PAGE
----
Who next as the Quakers are hit by credit crunch?
League Two Darlington became football’s first victims of the credit crunch when they were placed in administration yesterday. Mark Douglas reports on where it all went wrong for chairman George Houghton
FOUR camera crews, a clutch of radio microphones and a room full of journalists crowded the media room deep in the bowels of the cavernous Darlington Arena yesterday afternoon.
The irony of such intense coverage of the announcement that Darlington have toppled into administration with debts of around £5m will not be lost on those who have fought a losing battle to whip up interest in events on Neasham Road.
While Manchester United and Arsenal’s Champions League games provided entertainment for free on television, less than 3,000 turned up for the Quakers’ promotion clash with Rochdale on Tuesday night – half the amount required for the club even to break even. Apathy is not the sole reason that the club finds itself in the hands of administrators for the second time in six years, but it is a major contributing factor. Thanks to the ambition – some would say vanity – of former chairman George Reynolds, Darlington are saddled with a superb state-of-the-art arena that houses 27,500 seats but hardly suits a club with League Two status.
It has been filled once, for an Elton John concert, while crowds for the football team remain miniscule and the atmosphere awful. Even last season’s promotion push couldn’t get the town out to support the club in big numbers – and repeated appeals from current chairman George Houghton for more support have fallen on deaf ears.
Reynolds claimed yesterday that the stadium was not too big and would have been filled if the club had made it into the Premier League.
But his wild ambition sounds somewhat jarring as the club spiraled into administration again yesterday, chairman Houghton saying he had “no choice” but to relinquish control.
Houghton painted a worrying picture of the club’s ill-health, revealing that Darlington have £4m of debt and are losing £54,000-a-week. Administrator Dave Clark last night placed that debt nearer the £5m mark. Houghton has personally plunged £1.1m into the club since Christmas and, despite repeated appeals for more support, the club’s attendances have seldom broken the 3,000 mark.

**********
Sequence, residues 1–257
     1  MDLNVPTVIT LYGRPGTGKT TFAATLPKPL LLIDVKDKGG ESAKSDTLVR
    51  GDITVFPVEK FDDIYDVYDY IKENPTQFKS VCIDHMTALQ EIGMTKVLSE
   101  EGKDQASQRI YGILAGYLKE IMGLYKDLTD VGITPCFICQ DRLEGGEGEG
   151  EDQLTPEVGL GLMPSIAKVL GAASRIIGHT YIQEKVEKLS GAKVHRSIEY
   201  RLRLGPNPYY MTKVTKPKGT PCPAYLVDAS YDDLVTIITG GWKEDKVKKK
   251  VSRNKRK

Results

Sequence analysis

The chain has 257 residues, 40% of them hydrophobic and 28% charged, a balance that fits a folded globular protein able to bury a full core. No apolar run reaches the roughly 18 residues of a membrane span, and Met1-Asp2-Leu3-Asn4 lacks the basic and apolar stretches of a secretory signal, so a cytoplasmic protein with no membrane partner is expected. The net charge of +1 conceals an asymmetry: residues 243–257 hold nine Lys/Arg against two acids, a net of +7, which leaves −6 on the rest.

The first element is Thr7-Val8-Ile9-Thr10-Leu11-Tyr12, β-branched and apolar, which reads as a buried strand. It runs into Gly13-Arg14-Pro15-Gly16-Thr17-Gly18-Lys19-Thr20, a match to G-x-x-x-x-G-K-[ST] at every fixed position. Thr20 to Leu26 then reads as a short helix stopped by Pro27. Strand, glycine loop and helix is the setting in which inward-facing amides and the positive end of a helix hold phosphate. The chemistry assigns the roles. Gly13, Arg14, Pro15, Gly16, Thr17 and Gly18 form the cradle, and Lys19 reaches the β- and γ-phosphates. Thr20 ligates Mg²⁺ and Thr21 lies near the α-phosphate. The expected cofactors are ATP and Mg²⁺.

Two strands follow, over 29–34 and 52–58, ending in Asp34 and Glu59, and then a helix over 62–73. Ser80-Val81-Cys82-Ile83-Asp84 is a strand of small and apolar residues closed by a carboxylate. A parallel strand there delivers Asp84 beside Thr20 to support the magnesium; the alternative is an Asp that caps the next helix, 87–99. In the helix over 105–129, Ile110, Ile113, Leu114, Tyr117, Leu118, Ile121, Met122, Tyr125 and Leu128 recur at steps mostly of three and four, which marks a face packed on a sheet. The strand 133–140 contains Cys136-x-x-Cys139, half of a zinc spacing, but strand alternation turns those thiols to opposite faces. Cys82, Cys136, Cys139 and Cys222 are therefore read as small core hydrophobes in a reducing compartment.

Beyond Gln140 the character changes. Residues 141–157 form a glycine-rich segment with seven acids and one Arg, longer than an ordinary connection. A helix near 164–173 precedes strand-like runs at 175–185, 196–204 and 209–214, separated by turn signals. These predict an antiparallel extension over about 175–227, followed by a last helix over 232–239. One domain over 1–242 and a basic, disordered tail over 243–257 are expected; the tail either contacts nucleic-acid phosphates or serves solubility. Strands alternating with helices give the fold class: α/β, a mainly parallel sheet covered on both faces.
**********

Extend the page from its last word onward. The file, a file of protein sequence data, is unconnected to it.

It is a worrying situation – but not completely without hope.
Mr Clark, appointed to oversee the club on behalf of Brackenbury, Clark and Co, was upbeat when facing the Press last night, suggesting that the club had plenty of appeal.
And lawyer David Hinchcliffe, who had worked on the administration cases of Rotherham, Bradford City and Leeds United, said that the club’s position is nowhere near as bad as those that he has worked with previously. Clark said: “I think it’s actually quite positive. We’re certainly looking at it from a positive point of view. We have a successful team playing at the right end of the table, which is unusual in an administration situation. We have good facilities, a good manager and good staff.
“We’re in a situation where the whole feel of the club, bar the administration process, is actually quite positive. We have a chairman who is prepared to support and assist us in our attempts to sell the club, and is prepared to discuss with a potential purchaser future involvement after we’ve completed our tasks.” In the medium to long-term, it is hard to see a future that doesn’t involve Houghton involved in some way.
Although he is unable to shoulder the burden of the club’s finances on his own, he has pledged to continue bankrolling the club if additional investors willing to pump figures of around £200,000 a year can be found.
Anyone keen to take sole control – and they will not get the ground, which is still owned by Houghton – will be required to provide proof of £2m of funding. In the current financial climate, that appears unlikely.